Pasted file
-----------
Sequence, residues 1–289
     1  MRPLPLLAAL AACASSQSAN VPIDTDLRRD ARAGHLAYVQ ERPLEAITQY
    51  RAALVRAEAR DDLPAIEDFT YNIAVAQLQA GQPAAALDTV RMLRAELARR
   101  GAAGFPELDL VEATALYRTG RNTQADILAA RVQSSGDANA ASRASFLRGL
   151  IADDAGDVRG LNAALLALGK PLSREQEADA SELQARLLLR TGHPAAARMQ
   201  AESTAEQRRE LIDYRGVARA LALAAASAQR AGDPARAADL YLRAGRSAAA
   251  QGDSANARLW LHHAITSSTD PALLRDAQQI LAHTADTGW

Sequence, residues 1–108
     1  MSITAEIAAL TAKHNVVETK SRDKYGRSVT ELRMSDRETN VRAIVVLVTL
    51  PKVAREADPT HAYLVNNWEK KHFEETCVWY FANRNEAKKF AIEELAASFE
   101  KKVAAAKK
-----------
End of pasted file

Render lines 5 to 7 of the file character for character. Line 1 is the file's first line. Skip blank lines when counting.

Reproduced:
   151  IADDAGDVRG LNAALLALGK PLSREQEADA SELQARLLLR TGHPAAARMQ
   201  AESTAEQRRE LIDYRGVARA LALAAASAQR AGDPARAADL YLRAGRSAAA
   251  QGDSANARLW LHHAITSSTD PALLRDAQQI LAHTADTGW